Milton: "He has plucked one or two of the most beautiful feathers out of his Muse's wing, and trampled them under his great foot." There are not wanting examples of the great foot and the heavy band in Dr. Schmiedel's treatment of St. John. In a passage where, according to the critic's own con- fession, if there be any mistake, it is corrected a few verses later, be allows himself to write in these terms of St. John's motives :—" ' He must increase, but I must decrease '; with these words the Baptist himself is made to write the legend to this little picture, which is really sketched very gracefully.

In order to do so, the author adds a toilet), which, in reality, as he himself knows, does not at all harmonise with the truth." Has Professor Schmiedel ever realised that there are moral impossibilities which are harder to believe than the so-called physical impossibilities which trouble him so greatly P Professor Harnack's famous pronouncement as to the date of the Gospels and the authorship of the New Testament books, and the altered attitude of men of science towards phenomena such as telepathy, visions, phantoms, and the like, should prepare critics to accept Professor Sanday's two conclusions that what the early Christians believed to be miracles undoubtedly happened, and that their evidence on the point is absolute ly bond, fide It is a relief to turn from the superficial bickerings of Professor Schmiedel back again to Dr. Westcott and the Gospel itself. What was the object which St. John set before

himself P This question, and that of the Logos. are closely connected. The Logos doctrine is derived by Dr. Westcott

partly from Philo, but still more from the conception in

the Old Testament, the Apocrypha, and the Targums of the " Word of God." In all these there is a tendency to

personify "the Word." However derived, the Logos in St.

John is the revealer of God to man through the Incarnation, and the object of the Gospel is to set forth Cbrist as divine.

So St. John's Gospel is, in the famous words of Clement of Alexandria, "a spiritual Gospel." His purpose is doctrinal rather 'than historical. Not, however, that he undervalues the historical facts, but that "he reviews the facts in the light of their interpretation." " The Synoptic narratives ure implicit dogmas, no less truly than St. John's dogmas are•

concrete facts." Hence the large differences in detail between him and the Synoptists. The scene is laid mainly in Judaea,

where Christ spoke to the learned men of the nation a different language from that addressed to the fishermen of Galilee. Much of the Gospel is occupied with those later months when our Lord turned from the teaching of the people to the training of the Disciples. The last discourses are "a Sermon in the chamber to the Apostles, completing the Sermon on the Mount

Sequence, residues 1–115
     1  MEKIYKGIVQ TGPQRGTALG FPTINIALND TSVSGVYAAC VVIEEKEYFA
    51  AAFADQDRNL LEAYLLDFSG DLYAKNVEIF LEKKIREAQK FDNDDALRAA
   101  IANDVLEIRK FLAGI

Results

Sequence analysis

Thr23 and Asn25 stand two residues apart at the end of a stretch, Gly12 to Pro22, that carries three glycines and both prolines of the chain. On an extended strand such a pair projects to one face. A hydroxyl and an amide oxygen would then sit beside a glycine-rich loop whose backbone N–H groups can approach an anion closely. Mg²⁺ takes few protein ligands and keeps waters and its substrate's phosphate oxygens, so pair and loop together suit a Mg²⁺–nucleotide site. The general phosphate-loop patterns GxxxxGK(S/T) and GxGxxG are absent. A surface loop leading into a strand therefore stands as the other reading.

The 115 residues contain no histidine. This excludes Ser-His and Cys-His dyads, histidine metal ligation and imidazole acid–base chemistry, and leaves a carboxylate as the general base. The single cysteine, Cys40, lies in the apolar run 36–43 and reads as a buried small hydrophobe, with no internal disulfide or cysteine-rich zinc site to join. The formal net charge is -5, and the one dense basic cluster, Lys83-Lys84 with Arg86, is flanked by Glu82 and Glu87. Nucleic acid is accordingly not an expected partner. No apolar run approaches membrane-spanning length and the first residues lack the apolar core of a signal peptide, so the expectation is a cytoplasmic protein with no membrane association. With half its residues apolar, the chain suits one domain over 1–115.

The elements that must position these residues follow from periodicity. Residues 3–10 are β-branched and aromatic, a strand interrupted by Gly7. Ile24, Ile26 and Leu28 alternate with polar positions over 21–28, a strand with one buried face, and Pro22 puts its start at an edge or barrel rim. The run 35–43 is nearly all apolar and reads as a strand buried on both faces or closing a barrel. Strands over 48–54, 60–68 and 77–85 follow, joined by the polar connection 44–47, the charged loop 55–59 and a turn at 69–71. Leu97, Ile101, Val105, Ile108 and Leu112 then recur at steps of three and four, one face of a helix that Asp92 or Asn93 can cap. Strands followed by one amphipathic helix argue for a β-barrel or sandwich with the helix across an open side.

to the multitudes" ; they are strange in character to the

reader who turns to them from the Synoptists, full of thoughts which the Disciples could only understand later, about the mysteries of the divine nature, of Christ and the Father and the Paracleto, of the communion of these with one another, and with man, thoughts bound together by the dominant idea of love, which harmonises and connects the whole, broken by the note of the coming separation with his friends, culminating in the victory over sorrow and persecution.

The style of St. John is peculiar to himself ; it is the same in the speeches of our Lord as in the narrative. This has been rashly assumed to prove that the discourses are not :Christ's, but his own. It is, however, much more probable that the style of his Master dominated the style of the Disciple, as in our own experience the characteristic ex- pression of.a great preacher or writer colours that of his pupils and friends.

These differences seem wider than they really are. There are many. indications in the Synoptists that there was a ministry in Judaea such as that narrated in St. John (e.g., St. Matthew xxiii. 37 and St. Luke iv. 44, where the best MSS. read "of Judaea"). On the other hand, in St. John vii. 3-4 'the taunt of the brethren of Jesus at His avoidance of Judaea implies a much more extended ministry in Galilee than is actually described in St. John. There are many fragments in the Synoptists of that larger teaching found in the Fourth Gospel. The most striking instance is St. Matthew xi. 27 : " All things are delivered unto me of my

Father : and no man knoweth the Son, but the Father; neither knoweth any man the Father, save the Son, and he to whonieoever the Son will reveal him." But there are a number